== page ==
This paper entitled “Compositions of Conditional Risk Measures and Solvency Capital” is currently available on the site of the Multidisciplinary Digital Publishing Institute here.

Research in Actuarial Science: Minimum Protection in DC Funding Pension Plans and Margrabe Options

Posted on 19-01-2017

New Scientific Paper: Minimum Protection in DC Funding Pension Plans and Margrabe Options

In the context of their academic research, our chairman, Professor Pierre Devolder, together with Reacfin’s senior consultant Dr. Sébastien de Valeriola, recently published a scientific paper regarding the valuation of pension plan features.

In Belgium a recent law change allows employers to choose between two different types of guarantees to offer to their affiliates. In this paper, the authors address the question arising naturally: which of the two guarantees is the best one? In order to answer that question, they set up a stochastic model and use financial pricing tools to compare the methods. More specifically, they link the pension liabilities to a portfolio of financial assets and compute the price of exchange options through the Margrabe formula.

This paper entitled “Minimum Protection in DC Funding Pension Plans and Margrabe Options” is currently available on the site of the Multidisciplinary Digital Publishing Institute here

AML: Market practices and upcoming risk solutions

Posted on 31-10-2016

Risk-Based Approach & examples of Machine Learning Application

By François Ducuroir and Maciej Sterzynski

On 27 and 28th of October 2016, the Union of Arab Banks held, in Beirut, its annual forum for heads of AML/CFT* compliance units.
At this occasion, Reacfin’s managing partners, François Ducuroir and Maciej Sterzynski, presented our experience with regard to current market practices and upcoming solutions in this matter.

Among other we discussed:

  • practical aspects of idesigning and deploying Risk-Based solutions for Anti-Money Laundering purposes, and
  • hands-on examples for using Machine Learning algorithms (i.e. Artificial Intelligence techniques) to identify relevant variables for an efficient identification of supiscious Money Laundering or Terrorism Financing behaviors.

Interested readers will find here the slides of this presentation:

Reacfin White Paper - Prospective Life Tables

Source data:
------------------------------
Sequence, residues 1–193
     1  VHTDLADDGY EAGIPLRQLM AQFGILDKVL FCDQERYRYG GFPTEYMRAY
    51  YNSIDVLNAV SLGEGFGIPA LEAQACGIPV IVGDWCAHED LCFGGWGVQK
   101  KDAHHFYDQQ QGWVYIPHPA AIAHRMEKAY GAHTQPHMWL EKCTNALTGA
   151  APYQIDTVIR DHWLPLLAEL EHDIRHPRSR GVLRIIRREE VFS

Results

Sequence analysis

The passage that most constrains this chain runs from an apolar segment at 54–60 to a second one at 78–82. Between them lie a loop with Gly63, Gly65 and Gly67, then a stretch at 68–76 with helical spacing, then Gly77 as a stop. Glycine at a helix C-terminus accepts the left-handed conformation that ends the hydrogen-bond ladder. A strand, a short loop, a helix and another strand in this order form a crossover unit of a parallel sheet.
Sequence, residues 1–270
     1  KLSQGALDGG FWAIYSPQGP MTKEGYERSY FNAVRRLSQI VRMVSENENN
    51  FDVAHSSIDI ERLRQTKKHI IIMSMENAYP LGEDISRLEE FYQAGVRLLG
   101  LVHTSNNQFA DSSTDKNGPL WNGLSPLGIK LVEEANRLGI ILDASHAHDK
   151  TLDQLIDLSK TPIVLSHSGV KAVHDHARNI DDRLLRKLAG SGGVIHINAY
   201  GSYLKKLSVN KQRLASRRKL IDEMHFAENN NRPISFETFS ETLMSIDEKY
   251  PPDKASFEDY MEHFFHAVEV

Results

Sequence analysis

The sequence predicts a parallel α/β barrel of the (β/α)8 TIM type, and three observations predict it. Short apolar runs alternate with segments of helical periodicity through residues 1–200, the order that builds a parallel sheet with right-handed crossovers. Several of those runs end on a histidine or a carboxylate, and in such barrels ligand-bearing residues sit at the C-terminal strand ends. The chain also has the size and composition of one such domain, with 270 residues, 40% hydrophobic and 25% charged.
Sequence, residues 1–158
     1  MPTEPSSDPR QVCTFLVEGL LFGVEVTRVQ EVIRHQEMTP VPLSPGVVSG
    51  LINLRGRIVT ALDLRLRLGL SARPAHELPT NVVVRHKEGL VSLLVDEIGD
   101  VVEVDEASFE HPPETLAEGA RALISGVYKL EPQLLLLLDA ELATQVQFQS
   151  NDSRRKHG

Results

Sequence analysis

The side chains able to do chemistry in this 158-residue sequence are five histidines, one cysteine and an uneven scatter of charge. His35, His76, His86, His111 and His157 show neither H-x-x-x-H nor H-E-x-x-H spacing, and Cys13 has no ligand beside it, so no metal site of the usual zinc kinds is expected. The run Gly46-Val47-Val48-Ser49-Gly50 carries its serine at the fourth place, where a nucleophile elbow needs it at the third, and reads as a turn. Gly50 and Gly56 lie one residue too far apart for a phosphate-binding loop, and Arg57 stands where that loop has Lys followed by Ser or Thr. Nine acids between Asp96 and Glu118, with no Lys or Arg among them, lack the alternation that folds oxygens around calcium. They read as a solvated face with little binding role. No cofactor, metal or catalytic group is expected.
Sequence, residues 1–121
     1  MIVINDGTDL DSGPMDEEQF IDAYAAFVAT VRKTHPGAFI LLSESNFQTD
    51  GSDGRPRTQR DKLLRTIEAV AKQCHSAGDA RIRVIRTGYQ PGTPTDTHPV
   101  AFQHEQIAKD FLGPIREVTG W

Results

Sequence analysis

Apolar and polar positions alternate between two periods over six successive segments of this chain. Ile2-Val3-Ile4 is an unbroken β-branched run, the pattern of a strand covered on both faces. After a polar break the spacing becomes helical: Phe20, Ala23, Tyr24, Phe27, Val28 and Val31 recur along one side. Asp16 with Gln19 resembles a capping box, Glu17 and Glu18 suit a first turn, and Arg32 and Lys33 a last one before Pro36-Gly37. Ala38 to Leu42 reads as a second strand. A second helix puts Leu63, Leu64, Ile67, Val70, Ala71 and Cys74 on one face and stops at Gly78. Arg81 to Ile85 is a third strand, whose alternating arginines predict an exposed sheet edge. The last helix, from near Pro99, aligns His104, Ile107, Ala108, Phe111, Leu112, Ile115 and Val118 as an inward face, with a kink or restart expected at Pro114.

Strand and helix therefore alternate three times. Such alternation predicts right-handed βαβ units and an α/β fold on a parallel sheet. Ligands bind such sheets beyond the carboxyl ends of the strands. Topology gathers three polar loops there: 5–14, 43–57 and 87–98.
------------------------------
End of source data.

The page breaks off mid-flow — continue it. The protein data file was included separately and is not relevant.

Posted on 17-09-2016

An introduction to time‐dependent mortality models

by Julien Antunes Mendes and Christophe Pochet


Life expectancy at birth among early humans was likely to be about 20 to 30 years. It rose to between 40 and 45 by the middle of the 19th century. Rapid improvements began at the end of the 19th century, so that by the middle of the 20th century it was approximately 60 to 65 years. At the beginning of the 21st century, life expectancy at birth reached about 70 years. Two trends dominated the mortality decline:

The first half of the 20th century saw significant improvements in the mortality of infants and children (and their mothers).

Since the middle of the 20th century, gains in life expectancy have been mainly due to medical factors that have reduced mortality among older persons (reductions in deaths due to the “big three” killers – cardiovascular disease, cancer and strokes).

More in the pdf document.

A reacfin White Paper on Mortality

Posted on 17-09-2016

Adverse selection in lifetables models, Methods & applications

By Aurélie Miller and Julien Antunes Mendes

In many different applications (Solvency Capital Requirement, Best Estimate of Liabilities computation, Economic Balance Sheet statement, insurance products pricing, profit analysis…), insurance companies use lifetables to model the probability of death or survival.

Adverse selection is the fact that, depending on the features of the insurance products underwritten, policyholders could present different behavioral or health characteristics. This could lead to observe different death probabilities between policyholders of the same age among the different products. For Valuation and Risk Management purposes, as this difference could be large, it should therefore be accounted for.

The lifetables will thus be different for some segments of insurance policyholders and will be different from the general population mortality (of a country for example). By using adapted life tables, the insurance company can take into account the adverse selection.

Calibration of such tables will be based on a trade-off between appropriateness (specific features of the policyholders adequately captured) and accuracy (sufficient volume of data to obtain reliable parameters).

More in the pdf document.

A Reacfin White Paper on Life Insurance

Posted on 07-07-2016

Lapse rate models in life insurance and a practical method to foresee Interest Rates dependencies

Lapse rate modelling is an important topic for life insurers. Changes in such lapse rate can potentially lead to material losses or to liquidity problems. Yet lapses prove difficult to model because they can be influenced by large number of parameters including the policyholder’s behavioral characteristics, the product’s specificities or the financial markets and macro-economic environment.

Specifically the modeling of interest rate dependency proves both critical (as lapses could be driven by increasing interest rates) and difficult to calibrate (historical data offer for instance limited information as rates decreased almost continuously over the recent decades). In this white paper, our consultants Julie Zians, Aurélie Miller and François Ducuroir review market practices in the Belgian market with regard to the modeling of lapses. They further propose a pragmatic way to model and calibrate the interest rate dependency of lapse rates.